Image of the Month
Before the Huey P. Long Bridge opened in 1935 the only way for railroads to cross the Mississippi River in the New Orleans area was by ferry. The Southern Pacific, operating between New Orleans and the West Coast, used massive barges that were fitted out with rails. Trains were broken down at River's edge, cars were rolled onto the ferry in sections, and the whole was reassembled on the other side after the crossing was completed. The action took place near Avondale, just upriver from where the Huey stands today.|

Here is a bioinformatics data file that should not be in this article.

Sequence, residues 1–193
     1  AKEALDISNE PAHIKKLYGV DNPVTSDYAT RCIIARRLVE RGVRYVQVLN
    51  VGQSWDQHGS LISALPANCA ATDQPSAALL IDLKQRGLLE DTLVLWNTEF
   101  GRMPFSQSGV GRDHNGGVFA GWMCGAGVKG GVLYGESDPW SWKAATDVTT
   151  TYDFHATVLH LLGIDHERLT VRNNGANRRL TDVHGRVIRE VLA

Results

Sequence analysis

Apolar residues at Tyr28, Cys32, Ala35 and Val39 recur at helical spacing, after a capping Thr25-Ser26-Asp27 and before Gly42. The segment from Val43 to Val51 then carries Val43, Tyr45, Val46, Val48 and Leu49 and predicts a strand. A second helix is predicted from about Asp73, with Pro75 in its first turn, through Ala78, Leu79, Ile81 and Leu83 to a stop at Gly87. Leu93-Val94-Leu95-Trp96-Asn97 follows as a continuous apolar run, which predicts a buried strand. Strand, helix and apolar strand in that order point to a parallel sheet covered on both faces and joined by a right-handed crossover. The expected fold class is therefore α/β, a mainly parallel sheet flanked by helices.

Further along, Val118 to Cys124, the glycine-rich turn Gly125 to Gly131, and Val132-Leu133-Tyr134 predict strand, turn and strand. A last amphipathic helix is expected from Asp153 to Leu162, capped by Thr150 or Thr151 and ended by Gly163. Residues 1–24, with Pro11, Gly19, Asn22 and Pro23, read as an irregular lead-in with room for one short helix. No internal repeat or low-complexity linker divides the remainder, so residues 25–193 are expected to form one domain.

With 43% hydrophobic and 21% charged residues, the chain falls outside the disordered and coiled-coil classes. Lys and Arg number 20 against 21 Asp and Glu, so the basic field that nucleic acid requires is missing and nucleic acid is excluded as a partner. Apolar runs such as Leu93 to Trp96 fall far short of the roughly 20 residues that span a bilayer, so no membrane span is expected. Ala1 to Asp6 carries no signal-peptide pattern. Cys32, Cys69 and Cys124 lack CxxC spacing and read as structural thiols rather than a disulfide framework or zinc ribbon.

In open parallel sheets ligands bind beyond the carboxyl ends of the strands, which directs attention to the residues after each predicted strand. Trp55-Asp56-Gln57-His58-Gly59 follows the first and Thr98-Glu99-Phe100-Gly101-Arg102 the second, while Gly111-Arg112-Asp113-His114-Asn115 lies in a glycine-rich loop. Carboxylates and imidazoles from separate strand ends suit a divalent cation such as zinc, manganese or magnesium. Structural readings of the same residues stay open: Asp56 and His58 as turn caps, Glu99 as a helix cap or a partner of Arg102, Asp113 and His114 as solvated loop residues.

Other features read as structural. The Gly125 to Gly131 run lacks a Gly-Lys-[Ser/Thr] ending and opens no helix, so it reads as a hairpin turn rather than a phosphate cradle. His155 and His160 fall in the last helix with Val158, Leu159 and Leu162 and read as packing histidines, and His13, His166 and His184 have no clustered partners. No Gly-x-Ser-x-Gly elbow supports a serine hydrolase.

The Huey P. Long Bridge was not the first to carry railroad trains over the Mississippi but it is surely among the most impressive such structures. It rises 153 feet above the River and measures just under 23,000 feet in length (that's the railroad length--the highway portion is a mere 8,076 feet long). The Huey is now in the middle of a seven-year improvement project designed mainly to upgrade the highway portion of the structure to modern standards. The upgrade is being done by the Louisiana Department of Transportation and Development but the Bridge itself is owned by the Public Belt Railroad Commission, an agency of the City of New Orleans. All of that aside, perhaps when the improvements are completed sometime in 2012 or 2013 the past service of the Mastodon will once again be remembered?!
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